Getting a number is a basic step in setting yourself up in a new country. What do you need and where should you go? A proper phone number (not pre-paid) is one of the dividing lines between being able to function like a native in Korea and being forever sidelined as a foreigner.
Why is that? Well, because for almost any registration or transaction on the internet, you’re going to need to verify your ID, and the holder of the keys for this verification is the phone companies. Aside from getting a certificate of identity from your bank (which we can cover in another article), your phone number is the only fingerprint that will get you access.
What do I need to get a phone contract?
First, you should be planning to stay for at least 1 year in Korea. This will be the first question the staff ask you. If you will be in Korea for less than 1 year, they will point you to the pre-paid options.
You should have your Alien Registration Card (ARC) on hand. Bring your passport also, just for good measure.
Know your Korean bank account information, since the phone company will want to set up a monthly draft for your bill.
Of course, you also need a functioning phone that is not region-locked to your place of origin. The companies here will not be able to help with unlocking, so you should contact the manufacturer back home to complete this step before bothering to go in to a Korean phone store. If your phone is not unlocked, the Korean staff will still set up a contract and put a SIM card in your phone, but the phone will not be able to read it. Be careful if you find yourself in this position, because even if the card doesn’t work, if they send you home with the card to complete the unlock later independently, you may still be enrolled (read: charged) for monthly service. They will hesitate to let you change or drop a plan once you’ve enrolled and left the store, whether or not it was unwittingly done.
On the other hand, you can also buy a phone directly from one of the service providers and pay for it on a monthly plan along with your service, as in other countries. Keep in mind there are some small regional differences between phones, such as the iPhone camera shutter sound being impossible to mute on Korean and Japanese models.
Ok, so I’m ready and I need a phone contract. Where do I go?
By far the best place for an English speaker to go is the branch of KT Olleh in Gwanghwamun Plaza. The staff there usually speak English and have the service manner to help foreigners with patience and professionalism, which cannot be said for all branches. Even if your school has a branch down the block, save yourself the complication of setting up some detail incorrectly and go to Gwanghwamun so they can take care of you.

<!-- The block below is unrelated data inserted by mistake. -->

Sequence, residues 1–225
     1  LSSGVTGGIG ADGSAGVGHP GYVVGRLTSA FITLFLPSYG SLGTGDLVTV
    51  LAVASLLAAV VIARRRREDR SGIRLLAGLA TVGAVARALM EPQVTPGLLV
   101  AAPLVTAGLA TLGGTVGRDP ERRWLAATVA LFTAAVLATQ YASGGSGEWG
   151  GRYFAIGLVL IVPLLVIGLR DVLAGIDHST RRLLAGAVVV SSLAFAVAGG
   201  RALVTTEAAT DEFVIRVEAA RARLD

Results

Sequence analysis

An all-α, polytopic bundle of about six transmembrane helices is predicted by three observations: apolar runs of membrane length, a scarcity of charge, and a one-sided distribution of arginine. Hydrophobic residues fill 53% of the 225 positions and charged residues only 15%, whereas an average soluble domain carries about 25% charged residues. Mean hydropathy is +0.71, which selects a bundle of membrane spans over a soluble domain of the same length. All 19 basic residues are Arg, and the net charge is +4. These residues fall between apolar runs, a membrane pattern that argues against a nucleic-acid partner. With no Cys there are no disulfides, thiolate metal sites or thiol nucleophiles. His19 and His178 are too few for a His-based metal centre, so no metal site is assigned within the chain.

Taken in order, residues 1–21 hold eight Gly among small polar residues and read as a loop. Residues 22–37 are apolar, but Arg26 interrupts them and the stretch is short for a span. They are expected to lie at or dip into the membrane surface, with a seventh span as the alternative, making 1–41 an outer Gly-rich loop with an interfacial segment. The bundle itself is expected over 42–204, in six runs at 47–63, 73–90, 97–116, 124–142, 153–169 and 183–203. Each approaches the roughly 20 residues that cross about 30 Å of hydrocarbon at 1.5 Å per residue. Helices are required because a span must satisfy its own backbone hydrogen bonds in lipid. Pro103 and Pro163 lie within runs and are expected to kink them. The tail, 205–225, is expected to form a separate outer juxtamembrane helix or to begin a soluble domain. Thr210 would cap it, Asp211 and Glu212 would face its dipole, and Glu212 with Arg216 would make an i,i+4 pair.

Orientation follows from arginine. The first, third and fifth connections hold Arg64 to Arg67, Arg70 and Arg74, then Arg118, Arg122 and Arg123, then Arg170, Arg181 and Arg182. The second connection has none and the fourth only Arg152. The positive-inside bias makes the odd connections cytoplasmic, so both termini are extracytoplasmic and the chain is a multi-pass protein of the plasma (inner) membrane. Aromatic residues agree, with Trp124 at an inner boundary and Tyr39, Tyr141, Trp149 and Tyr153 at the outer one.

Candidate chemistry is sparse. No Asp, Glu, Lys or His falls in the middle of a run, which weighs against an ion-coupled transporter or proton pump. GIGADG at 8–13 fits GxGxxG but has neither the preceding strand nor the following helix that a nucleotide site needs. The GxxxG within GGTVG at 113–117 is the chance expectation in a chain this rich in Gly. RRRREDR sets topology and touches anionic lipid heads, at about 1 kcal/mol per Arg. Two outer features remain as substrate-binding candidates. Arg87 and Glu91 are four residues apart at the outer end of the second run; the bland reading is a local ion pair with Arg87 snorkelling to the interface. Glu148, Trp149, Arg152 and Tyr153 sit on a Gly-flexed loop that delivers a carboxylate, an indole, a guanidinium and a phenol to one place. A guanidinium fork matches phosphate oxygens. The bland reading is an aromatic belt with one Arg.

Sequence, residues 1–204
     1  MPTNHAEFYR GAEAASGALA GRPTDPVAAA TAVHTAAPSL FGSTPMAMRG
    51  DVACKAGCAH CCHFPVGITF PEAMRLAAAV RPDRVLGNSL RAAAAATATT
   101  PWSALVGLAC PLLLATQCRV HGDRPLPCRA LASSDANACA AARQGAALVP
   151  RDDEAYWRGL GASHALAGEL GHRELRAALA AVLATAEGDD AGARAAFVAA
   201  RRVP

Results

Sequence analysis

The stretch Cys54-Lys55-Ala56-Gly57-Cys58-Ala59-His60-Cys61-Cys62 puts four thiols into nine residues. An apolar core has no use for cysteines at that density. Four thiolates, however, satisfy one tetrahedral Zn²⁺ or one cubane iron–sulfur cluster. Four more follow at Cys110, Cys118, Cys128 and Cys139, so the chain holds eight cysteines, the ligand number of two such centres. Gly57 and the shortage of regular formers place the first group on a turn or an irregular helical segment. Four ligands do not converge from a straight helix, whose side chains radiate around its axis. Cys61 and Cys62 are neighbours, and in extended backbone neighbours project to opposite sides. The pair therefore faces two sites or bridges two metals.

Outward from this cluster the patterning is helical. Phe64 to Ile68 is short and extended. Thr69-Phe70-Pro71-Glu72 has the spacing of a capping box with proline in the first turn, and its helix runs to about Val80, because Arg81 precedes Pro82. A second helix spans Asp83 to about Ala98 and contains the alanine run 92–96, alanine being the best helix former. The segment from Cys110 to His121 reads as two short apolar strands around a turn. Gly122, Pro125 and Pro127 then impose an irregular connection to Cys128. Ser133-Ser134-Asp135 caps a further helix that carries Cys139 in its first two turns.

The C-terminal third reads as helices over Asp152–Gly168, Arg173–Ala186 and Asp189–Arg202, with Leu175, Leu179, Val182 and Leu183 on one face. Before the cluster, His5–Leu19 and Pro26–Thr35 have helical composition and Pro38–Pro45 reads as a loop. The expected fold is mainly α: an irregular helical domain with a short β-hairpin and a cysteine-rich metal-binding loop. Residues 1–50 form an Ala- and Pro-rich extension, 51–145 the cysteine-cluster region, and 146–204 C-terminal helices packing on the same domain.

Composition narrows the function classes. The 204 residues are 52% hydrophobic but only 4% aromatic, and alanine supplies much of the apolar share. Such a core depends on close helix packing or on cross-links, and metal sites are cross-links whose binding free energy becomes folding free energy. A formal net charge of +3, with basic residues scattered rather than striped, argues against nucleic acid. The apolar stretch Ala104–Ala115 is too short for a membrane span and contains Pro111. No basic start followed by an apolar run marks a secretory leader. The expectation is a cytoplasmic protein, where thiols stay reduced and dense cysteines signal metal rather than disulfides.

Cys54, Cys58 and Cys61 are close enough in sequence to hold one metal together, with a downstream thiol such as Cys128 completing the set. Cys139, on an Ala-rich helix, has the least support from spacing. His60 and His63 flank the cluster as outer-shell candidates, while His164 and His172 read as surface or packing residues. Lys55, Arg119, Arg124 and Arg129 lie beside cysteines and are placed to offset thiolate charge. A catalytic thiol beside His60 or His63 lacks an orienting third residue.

The major service providers in Korea are KT Olleh and SK Telecom. Both have networks with extensive service, so you should be fine picking either, but I will be discussing details for KT here.
What do I do when I get there?
Walk right in, of course! ^^ At the time of writing, the service counter was along the right wall when entering, and you pull a number from a machine to determine your waiting order (just like at the bank). When you get to the front, the staff will present you with a “menu” of subscription plans based on data usage and range of features. However, not all possibilities are listed here.
If you want a full-featured plan, you will be pretty safe just choosing from the list, but if you want to keep your phone bill minimal, you need the inside info.
There is a “Standard Rate Plan” (표준 요금제, “pyo-jun yogeum-jei) that includes nothing beyond the actual established number but is just 12,000 a month. You can add a data “Plus Service” to this to create a 300MB/mo. plan with free access to any of Olleh’s pervasive wifi hotspots that totals 20,000/mo. This wifi is available in all metro stations, on all trains, and in most public spaces, so if applied efficiently it can keep your data usage low.
You can see that piecing together your own plan, even with the largest data option, is quite a bit cheaper than the advertised plans. I recommend taking these images with you so there’s no discrepancy about which plan you mean or what Olleh offers, “off the menu.”
Ok, I’ve got the details set, and I’m signing papers. Is there anything else to be cautions of?
Make absolutely certain when you write your name on the papers for your phone contract that you write it in LAST FIRST MIDDLE order, exactly like on your passport. Capitalization doesn’t matter, but spacing does. Double-check with the staff that your name is written identically to your passport, with spaces only in the appropriate places.
Korean names typically have only 3 characters, so for domestic subscribers this is a non-issue, but for foreigners with long names it is an easy way to trip up. Especially if your name on your ARC is printed across more than one line, the staff at the phone company may interpret this as a place to put a space, even if it is not the end of one of your names. Check check check! If your name is typed differently (even by only a space), the online ID verification will not work. You will have to go in person to a specific, limited branch of the phone company to change your registered name, so it’s better to seem a bit exacting and get it right the first time.
You can find some additional details for international clients from KT directly, including cancellation info, here.
And if you’d like to check the Korean page for yourself, this is the place.
The English page has a dramatically limited amount of information about their actual plans, so beyond the info included here, you will either need some Korean ability or would be better off just going in person so you can have an associate help you further.
Questions? Write away, right away~!
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